Thursday, December 20, 2012

Sweet and Sour Onions

Not surprisingly, many publications that we read here in the Commissary use the late year holidays as an excuse to unleash myriad Thanksgiving/Christmas/New Year's recipes on an already-beleaguered audience simply trying to survive the mass hysteria until early January. Some recipes are classic (about 80 different ways to prepare stuffing, for example), some are nouveau (cornbread with creamy poblano chiles), and some are not necessarily specific to the season, but sound good anyway. This was the case with a recipe I recently saw in a weekend issue of the Wall Street Journal, featured in an article highlighting so-called "alternative" side dishes for Thanksgiving. Paul Bartolotta is a Milwaukee-based chef who specializes in inventive Italian dishes - Mrs. Hackknife has had the good fortune to dine in 3 of his restaurants (Bartolotta Ristorante di Mare in the Wynn Las Vegas, and Bacchus/Ristorante Bartolotta, both in Milwaukee) over the last few years, each time without me, I might add (but I'm not bitter or anything). His contribution to the WSJ article was a version of Cipolline in Agrodolce, or sweet and sour onions, a traditional Italian side dish. Although I'd seen another sweet and sour onion recipe before (in my ever-present and oft-referenced April 2010 issue of Saveur), Chef Bartolotta uses chicken stock, some butter, and red wine vinegar to play up the savory aspects of the dish (the Saveur recipe includes raisins, no butter, and only balsamic vinegar, which I assume results in a sweeter finished product). When the time came to make a simple noodles with pesto sauce entree one Sunday night, I decided to roll out Chef Paul's onions for a side.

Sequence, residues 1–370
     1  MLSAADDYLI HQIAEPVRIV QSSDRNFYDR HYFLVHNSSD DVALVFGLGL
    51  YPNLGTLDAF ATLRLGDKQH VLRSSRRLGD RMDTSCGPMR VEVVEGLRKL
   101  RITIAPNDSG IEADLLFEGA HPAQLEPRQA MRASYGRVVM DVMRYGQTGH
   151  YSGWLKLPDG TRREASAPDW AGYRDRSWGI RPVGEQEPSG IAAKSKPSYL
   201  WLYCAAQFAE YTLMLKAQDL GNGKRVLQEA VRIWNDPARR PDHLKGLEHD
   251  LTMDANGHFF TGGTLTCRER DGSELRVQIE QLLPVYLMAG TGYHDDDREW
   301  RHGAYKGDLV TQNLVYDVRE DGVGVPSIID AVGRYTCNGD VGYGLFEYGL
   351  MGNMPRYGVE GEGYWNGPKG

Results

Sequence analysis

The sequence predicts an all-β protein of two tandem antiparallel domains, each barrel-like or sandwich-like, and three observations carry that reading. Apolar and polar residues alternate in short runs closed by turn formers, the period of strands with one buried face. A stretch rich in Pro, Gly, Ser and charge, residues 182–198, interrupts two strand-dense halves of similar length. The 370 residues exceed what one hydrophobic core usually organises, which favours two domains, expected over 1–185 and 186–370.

There's nothing terribly complex about the dish prep, although I think I may have overdone it a bit on the caramelization step, as a few of the onions ended up slightly singed (burned food is never a desired result). Luckily, the problem was isolated and the rest of the recipe proceeded without incident. The finished onions were dark, complex, and a little on the rich side - Mrs. Hackknife enjoyed it, but only in small doses. As with many of the sweet/sour vegetable recipes, it doesn't look like there's a lot in the pan when you're done, but what's left is very, um, concentrated in flavor. Next time I choose this for a side dish, I'd like to give the Saveur recipe a whirl to see if that version is a little less decadent than Chef Paul's...

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